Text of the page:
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Repatriated Trinidad and Tobago nationals on board the Galleons Passage at the Kingstown port in St Vincent and the Grenadines last night to return home.

A total of 170 Trinidad and Tobago nationals flocked to the St Vincent and the Grenadines Cruise Ship Complex yesterday hoping to be repatriated back to Trinidad.

They were hoping to board the MV Galleons Passage, which docked in St Vincent on Tuesday and was expected to leave the island around midnight on Wednesday.

The vessel took relief supplies and a contingent of officers from the Ministry of National Security to St Vincent on Tuesday.

Yesterday, as they stood in line at the Cruise Ship Complex, the T&T nationals seemed ready to make the journey, with their bags already packed.

One senior National Security officer said the repatriation exercise would not depend on who were granted exemptions but on a first-come, first-serve basis, once a valid T&T passport is presented.

The exercise began at 2 pm and by 3.30 pm, 48 nationals had been screened and approved to return to Trinidad.

There were dozen more, including young children still waiting in line and more nationals coming into the complex as word of the repatriation exercise spread. The Galleons Passage has a 400 passenger capacity but with COVID-19 regulations in place, inter-island ferries have been operating at 75 per cent capacity.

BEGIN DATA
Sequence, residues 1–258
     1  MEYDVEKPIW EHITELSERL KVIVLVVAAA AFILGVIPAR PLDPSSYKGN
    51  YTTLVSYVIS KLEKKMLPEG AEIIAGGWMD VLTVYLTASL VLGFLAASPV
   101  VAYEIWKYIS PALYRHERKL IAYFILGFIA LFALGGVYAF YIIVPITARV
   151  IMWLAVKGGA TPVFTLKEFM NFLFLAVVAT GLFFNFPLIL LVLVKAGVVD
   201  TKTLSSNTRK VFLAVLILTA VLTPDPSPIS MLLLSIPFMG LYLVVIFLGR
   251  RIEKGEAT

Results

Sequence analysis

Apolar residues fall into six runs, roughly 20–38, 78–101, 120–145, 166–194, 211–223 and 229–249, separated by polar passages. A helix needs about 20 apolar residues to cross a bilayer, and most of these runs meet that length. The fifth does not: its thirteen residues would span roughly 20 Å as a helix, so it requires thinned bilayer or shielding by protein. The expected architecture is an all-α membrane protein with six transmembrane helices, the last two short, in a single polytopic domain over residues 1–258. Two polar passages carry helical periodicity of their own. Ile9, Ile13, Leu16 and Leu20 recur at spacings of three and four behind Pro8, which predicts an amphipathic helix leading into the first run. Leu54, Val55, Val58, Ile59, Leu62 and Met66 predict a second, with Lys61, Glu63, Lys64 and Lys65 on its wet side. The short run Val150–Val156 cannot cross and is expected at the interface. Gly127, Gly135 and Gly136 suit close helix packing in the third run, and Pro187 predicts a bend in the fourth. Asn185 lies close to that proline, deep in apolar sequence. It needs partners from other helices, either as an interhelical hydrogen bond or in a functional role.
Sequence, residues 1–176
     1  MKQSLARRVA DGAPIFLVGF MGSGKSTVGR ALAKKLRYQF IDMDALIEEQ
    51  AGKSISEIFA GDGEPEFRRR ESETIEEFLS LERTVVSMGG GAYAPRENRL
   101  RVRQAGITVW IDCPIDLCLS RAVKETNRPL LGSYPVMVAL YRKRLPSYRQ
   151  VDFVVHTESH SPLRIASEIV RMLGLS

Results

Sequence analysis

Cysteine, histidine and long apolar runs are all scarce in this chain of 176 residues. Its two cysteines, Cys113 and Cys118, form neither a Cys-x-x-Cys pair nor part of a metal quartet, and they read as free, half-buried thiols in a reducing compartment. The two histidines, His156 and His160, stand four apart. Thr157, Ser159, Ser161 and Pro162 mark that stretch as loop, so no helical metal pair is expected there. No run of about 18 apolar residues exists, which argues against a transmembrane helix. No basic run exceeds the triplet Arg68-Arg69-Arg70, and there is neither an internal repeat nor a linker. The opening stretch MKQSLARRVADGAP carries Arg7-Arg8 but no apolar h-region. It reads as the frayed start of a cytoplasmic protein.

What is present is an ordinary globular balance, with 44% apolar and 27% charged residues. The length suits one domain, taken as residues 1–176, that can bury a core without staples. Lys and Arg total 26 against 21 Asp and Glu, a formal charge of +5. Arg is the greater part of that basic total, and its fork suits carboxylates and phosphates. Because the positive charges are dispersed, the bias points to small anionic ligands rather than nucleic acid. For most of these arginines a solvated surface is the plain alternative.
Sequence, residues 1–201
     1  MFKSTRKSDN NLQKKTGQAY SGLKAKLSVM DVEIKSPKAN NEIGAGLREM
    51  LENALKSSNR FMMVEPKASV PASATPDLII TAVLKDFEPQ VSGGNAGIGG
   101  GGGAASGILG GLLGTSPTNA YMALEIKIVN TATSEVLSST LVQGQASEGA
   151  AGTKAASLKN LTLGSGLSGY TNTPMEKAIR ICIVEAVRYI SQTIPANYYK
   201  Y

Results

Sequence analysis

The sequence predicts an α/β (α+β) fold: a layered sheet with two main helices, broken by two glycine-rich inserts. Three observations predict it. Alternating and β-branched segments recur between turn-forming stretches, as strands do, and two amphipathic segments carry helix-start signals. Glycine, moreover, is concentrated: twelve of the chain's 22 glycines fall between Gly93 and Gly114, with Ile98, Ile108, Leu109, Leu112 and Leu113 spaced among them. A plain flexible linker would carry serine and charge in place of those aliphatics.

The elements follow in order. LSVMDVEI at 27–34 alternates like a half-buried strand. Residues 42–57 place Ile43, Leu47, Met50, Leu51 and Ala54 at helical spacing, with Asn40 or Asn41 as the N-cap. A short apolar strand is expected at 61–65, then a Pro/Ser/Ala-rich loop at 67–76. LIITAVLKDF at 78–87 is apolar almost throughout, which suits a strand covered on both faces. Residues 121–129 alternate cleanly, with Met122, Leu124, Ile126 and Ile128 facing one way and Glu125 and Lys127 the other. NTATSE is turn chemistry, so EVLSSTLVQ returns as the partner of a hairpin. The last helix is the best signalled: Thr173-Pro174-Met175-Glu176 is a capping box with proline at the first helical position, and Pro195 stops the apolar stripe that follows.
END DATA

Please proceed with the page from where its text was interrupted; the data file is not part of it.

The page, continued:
However, because of the large number of people, there was difficulty ensuring effective social distancing as the vessel left for Trinidad.

Also returning home on the vessel were three journalists, several immigration officers and an undisclosed number of the Ministry of National Security contingent of officers.

But while most were prepared to leave when given the chance, some were not.

Trinidadian Matalin Weekes was one of them. She told Guardian Media she lived in the Red Zone since visiting the island in December 2019 and had to flee her home when La Soufriere began to erupt explosively last Friday.

“I was scared because I never know anything about volcanoes and all that, and I cried to hear the explosion. In the night where I am in the camp it was very scary for me,” Weekes said.

She said she was staying in a shelter with her husband and her in-laws.

Weekes lived in Sandy Bay and she said when the explosive eruptions began last Friday, she left her home with nothing but the clothes she was wearing and her important documents.

“All I have is what I have on, all my clothes is up in Sandy Bay. The house was not destroyed but one of the bridges leading back to Sandy Bay collapsed.”

Weekes said she wanted to return home because she has been stranded in St Vincent since T&T’s borders closed in March 2020.

But yesterday she said she only found out about the repatriation process a few hours before it was scheduled to start.

She left the camp and rushed to Kingstown, St Vincent’s capital.

She brought her passport and id cards with her but with no clothing, she was hoping she would be told another vessel would return to pick up those who could not make the first trip.

She said she hoped to return to her home in Sandy Bay to retrieve some of her belongings before leaving the island.